Morning Ethics Warm-Up: 8/24/17 [UPDATED]

GOOD MORNING!

1. I’m moving this to the top from its original placement at the end. I warned that the mania for retroactive statue-toppling and historical air-brushing was a deadly slippery slope to cultural chaos from the moment Dylan Roof’s rampage primed the Confederate flag banning push. I said that there was no clear stop on that slope, and that this was a massive ethical error that would quickly spin out of control.

I am accepting apologies and “You were right, I was wrong” messages at jamproethics@verizon.net. I will reply gracefully.

2. It’s a good thing, in some ways, that President Trump has no ethics alarms, or has them but doesn’t understand what all the ringing means, because if he did, he might realize that he has put himself in ethics zugswang in the matter of former sheriff Joe Arpaio, the anti-illegal immigration zealot who is facing up to six months in jail for defying a federal judge’s order to stop targeting Latinos based solely on the suspicion of their legal status. Trump has been urged to pardon Arpaio. Let’s see:

  • Arpaio did defy a judicial order. Should a law enforcement official be treated especially harshly when he does this?

Yes.

  • The judicial order related to Arpaio’s practice of assuming that individuals of Hispanic descent were more likely to be violating the immigration laws in his jurisdiction than other citizens. Since his jurisdiction was rife with Hispanic illegals, was this an unreasonable assumption on his part? No. Was it still discriminatory? Sure. Is the balance between profiling, which in such situations is a valuable law-enforcement tool, and the importance of equal treatment under the law a difficult one legally and ethically? Yes. Does a sheriff have the right and authority to ignore the way this balance is decided one legal authorities define it?

No.

  • Is the determination of this balance often polluted by ideological biases, in this case, against enforcement of immigration laws?

Yes.

  • Do Donald Trump, and his supporters, and those Americans who may not be his supporters but who agree that allowing foreign citizens to breach our borders at will without legal penalties is certifiably insane, believe that Arpaio’s position on illegal immigration is essentially correct and just?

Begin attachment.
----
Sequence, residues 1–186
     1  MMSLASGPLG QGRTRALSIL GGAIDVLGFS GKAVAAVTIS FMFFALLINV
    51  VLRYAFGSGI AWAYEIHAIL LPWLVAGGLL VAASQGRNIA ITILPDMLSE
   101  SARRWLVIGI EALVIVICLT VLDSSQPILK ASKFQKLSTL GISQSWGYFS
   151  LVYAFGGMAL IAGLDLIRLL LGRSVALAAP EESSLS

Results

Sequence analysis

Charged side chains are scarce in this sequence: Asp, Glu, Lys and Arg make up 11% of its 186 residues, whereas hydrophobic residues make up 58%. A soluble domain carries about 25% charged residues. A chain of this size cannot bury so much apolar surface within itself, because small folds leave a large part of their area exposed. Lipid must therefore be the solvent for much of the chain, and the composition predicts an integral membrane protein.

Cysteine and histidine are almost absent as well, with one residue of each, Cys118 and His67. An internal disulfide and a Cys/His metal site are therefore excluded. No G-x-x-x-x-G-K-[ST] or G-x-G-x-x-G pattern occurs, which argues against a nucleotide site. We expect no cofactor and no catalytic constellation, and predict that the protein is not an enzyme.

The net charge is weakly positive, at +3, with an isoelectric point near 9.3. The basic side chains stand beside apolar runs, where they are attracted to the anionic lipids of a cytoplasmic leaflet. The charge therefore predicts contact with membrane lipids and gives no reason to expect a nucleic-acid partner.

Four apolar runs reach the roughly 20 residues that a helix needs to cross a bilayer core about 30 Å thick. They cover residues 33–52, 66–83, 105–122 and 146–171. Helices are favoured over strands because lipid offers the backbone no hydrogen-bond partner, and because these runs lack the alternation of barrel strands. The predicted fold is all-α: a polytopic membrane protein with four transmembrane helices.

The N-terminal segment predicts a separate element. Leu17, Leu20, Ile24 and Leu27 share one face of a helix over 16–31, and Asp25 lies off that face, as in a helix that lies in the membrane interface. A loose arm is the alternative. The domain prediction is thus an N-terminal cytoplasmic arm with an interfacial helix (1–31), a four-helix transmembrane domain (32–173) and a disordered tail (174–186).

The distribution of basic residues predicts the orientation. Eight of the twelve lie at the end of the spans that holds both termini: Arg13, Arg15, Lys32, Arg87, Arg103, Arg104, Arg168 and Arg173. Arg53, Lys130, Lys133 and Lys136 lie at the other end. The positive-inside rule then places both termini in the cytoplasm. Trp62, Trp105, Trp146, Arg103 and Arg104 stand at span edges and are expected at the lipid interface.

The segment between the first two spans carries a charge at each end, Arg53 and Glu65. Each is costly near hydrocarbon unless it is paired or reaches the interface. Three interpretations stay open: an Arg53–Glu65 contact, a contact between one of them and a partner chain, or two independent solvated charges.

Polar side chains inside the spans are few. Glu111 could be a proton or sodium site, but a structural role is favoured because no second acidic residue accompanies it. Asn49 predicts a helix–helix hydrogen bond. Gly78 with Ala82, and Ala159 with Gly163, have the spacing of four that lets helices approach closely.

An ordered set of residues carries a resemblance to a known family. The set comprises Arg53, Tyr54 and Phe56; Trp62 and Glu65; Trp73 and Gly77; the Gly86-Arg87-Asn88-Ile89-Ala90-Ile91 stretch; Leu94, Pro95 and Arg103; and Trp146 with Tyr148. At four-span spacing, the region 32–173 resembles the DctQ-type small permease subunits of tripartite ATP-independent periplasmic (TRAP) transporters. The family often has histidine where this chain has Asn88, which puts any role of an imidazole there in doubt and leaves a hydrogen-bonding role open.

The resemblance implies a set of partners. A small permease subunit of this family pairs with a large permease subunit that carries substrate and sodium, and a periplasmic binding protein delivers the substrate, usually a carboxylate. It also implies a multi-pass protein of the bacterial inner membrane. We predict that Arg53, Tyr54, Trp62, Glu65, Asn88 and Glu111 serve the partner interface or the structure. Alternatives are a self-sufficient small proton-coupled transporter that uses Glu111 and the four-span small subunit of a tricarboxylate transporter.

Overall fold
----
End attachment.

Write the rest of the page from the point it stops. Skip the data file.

Yes.

  • Nonetheless, did his ham-handed methods give ammunition to open-borders, pro-illegal immigration, race-baiting activists like the one who told the New York Times,

“Trump is delivering a slap in the face to dignified, hard-working people whose lives were ripped apart by Arpaio. Arpaio belongs in jail, getting a taste of his own medicine. Trump wants to put Arpaio above the law, showing they are both about white supremacy.”

  • Is sending Arpaio to jail a political imprisonment?

Yes, although he made it easy to justify on non-political grounds.

  • Are political prisoners the ideal objects of Presidential pardons?

Yes.

  • Would pardoning him send dangerous messages (it’s OK to violate judicial orders you think are wrong; the ends justifies the means; Presidents should meddle in local law enforcement, “extremism in defense of liberty is no vice”) as well as defensible ones ( judges and elected official enabling illegal immigration are a threat to the rule of law; Joe is an old man with a long record of public service who deserves mercy even though he was wrong…)

Yes.

  • Will such a pardon, especially as the news media is again spinning to make the case that Trump is sympathetic with xenophobes and white nationalists, further inflame an overly emotional debate that needs to be calmed, not exacerbated?

God, yes.

  • Is the most responsible course for Trump to stay out of this mess?

YES!

  • Will he?

Of course not. Continue reading

Morning Ethics Warm-Up: 8/23/17

Good Morning!

(BOY, there are a lot of especially stupid ethics stories today…)

1. This:

That’s right: an Asian-American broadcaster who never fought for the South during the Civil War has been robbed of a job assignment because his virtue-signaling, grandstanding mega-corporation wants to side with the statute-toppling Left. ESPN regrets that the NAME of one of its broadcasters has become an issue? Who made it an issue? ESPN, that’s who.

Nah, there’s no slippery slope! Nah, this is just about Civil War generals! Nah, the people behind the historical purge or reasonable…they won’t just keep looking for more ways to claim they are being offended!

Can you tell I am losing patience with the defenders, enablers and rationalizes of this toxic nonsense?